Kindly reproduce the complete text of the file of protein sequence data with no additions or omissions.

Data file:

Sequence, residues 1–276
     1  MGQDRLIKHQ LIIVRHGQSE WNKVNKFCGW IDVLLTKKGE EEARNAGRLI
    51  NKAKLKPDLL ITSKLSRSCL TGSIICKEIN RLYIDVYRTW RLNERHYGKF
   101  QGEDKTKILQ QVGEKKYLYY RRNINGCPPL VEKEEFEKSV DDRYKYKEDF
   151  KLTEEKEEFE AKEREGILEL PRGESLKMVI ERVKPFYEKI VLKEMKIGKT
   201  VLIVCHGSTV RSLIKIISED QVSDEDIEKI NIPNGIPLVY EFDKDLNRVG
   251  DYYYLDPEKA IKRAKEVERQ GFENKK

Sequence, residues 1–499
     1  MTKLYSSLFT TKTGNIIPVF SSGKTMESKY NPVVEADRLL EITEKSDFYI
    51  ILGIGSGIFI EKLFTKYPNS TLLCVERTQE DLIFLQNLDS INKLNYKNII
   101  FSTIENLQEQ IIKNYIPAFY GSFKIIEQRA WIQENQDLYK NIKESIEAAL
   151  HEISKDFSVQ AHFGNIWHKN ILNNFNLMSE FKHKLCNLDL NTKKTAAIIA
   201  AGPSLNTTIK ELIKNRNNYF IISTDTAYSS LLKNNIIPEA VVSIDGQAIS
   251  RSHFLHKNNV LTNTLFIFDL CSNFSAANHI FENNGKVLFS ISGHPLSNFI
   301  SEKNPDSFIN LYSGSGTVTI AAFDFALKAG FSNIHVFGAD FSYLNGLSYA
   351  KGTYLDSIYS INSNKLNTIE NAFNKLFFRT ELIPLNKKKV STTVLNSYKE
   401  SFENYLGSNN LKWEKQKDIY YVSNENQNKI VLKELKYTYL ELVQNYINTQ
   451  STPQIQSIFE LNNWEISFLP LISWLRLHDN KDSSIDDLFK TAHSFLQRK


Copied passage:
Sequence, residues 1–276
     1  MGQDRLIKHQ LIIVRHGQSE WNKVNKFCGW IDVLLTKKGE EEARNAGRLI
    51  NKAKLKPDLL ITSKLSRSCL TGSIICKEIN RLYIDVYRTW RLNERHYGKF
   101  QGEDKTKILQ QVGEKKYLYY RRNINGCPPL VEKEEFEKSV DDRYKYKEDF
   151  KLTEEKEEFE AKEREGILEL PRGESLKMVI ERVKPFYEKI VLKEMKIGKT
   201  VLIVCHGSTV RSLIKIISED QVSDEDIEKI NIPNGIPLVY EFDKDLNRVG
   251  DYYYLDPEKA IKRAKEVERQ GFENKK

Sequence, residues 1–499
     1  MTKLYSSLFT TKTGNIIPVF SSGKTMESKY NPVVEADRLL EITEKSDFYI
    51  ILGIGSGIFI EKLFTKYPNS TLLCVERTQE DLIFLQNLDS INKLNYKNII
   101  FSTIENLQEQ IIKNYIPAFY GSFKIIEQRA WIQENQDLYK NIKESIEAAL
   151  HEISKDFSVQ AHFGNIWHKN ILNNFNLMSE FKHKLCNLDL NTKKTAAIIA
   201  AGPSLNTTIK ELIKNRNNYF IISTDTAYSS LLKNNIIPEA VVSIDGQAIS
   251  RSHFLHKNNV LTNTLFIFDL CSNFSAANHI FENNGKVLFS ISGHPLSNFI
   301  SEKNPDSFIN LYSGSGTVTI AAFDFALKAG FSNIHVFGAD FSYLNGLSYA
   351  KGTYLDSIYS INSNKLNTIE NAFNKLFFRT ELIPLNKKKV STTVLNSYKE
   401  SFENYLGSNN LKWEKQKDIY YVSNENQNKI VLKELKYTYL ELVQNYINTQ
   451  STPQIQSIFE LNNWEISFLP LISWLRLHDN KDSSIDDLFK TAHSFLQRK